. . . It wasn’t just Latinos who operated tamale wagons — African Americans, European immigrants and whites also partook in the industry. In 1905, even the YMCA opened a temporary tamale wagon to raise funds so it could send a boy’s track and field team to compete in Portland, Ore.

Strangers coming to Los Angeles, reported The Times, remark at the presence of so many outdoor restaurants, and marvel at the system which permits men … to set up places of business in the public streets … competing with businessmen who pay high rents for rooms in which to serve the public with food.

Not everyone appreciated those first loncheras. L.A.’s press sensationalized any fight, quarrel or theft committed around the eateries, leading to a perception in polite circles that they weren’t safe (typical headline: “Says the Tamale Wagon is a Nursery of Crime”). As early as 1892, officials tried to ban them; in 1897, the City Council proposed to not allow tamale wagons to open until nine at night at the behest of restaurant owners who didn’t like their crowds. Four years later, Police Chief Charles Elton recommended they close at 1 a.m. because they offered “a refuge for drunks who seek the streets when the saloons are closed for the night.”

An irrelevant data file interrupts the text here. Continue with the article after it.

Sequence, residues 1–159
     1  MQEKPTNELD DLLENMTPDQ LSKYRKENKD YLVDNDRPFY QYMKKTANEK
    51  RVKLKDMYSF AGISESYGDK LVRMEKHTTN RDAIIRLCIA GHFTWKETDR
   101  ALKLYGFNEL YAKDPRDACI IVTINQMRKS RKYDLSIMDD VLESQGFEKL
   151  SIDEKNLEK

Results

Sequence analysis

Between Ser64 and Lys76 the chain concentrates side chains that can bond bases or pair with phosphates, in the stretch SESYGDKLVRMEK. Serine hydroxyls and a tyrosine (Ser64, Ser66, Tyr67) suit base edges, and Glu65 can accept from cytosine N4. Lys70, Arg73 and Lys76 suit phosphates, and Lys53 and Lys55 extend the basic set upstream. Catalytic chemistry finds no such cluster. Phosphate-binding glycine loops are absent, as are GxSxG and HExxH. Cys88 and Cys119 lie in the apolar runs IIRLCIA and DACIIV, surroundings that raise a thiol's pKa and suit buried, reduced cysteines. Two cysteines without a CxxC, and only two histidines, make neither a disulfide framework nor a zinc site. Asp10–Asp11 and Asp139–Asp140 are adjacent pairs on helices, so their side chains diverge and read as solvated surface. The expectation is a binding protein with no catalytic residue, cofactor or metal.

Los Angeles school trustees constructed kitchens at the city’s high schools (including the first prep cafeteria in the country at Los Angeles High) in 1905 to offer healthier lunches after having “long waged a crusade against the tamale wagons,” according to the Herald. And in 1910, 100 downtown businessmen signed a letter asking the council that tamale wagons be prohibited because they didn’t reflect well on the district.

The tamaleros fought back with their most powerful weapon: their fans. In 1903, when the council tried to outlaw them altogether, they formed a mutual-aid society and presented the council a petition with the signatures of more than 500 customers that read, in part: “We claim that the lunch wagons are catering to an appreciative public, and to deprive the people of these convenient eating places would prove a great loss to the many local merchants who sell the wagon proprietors various supplies.”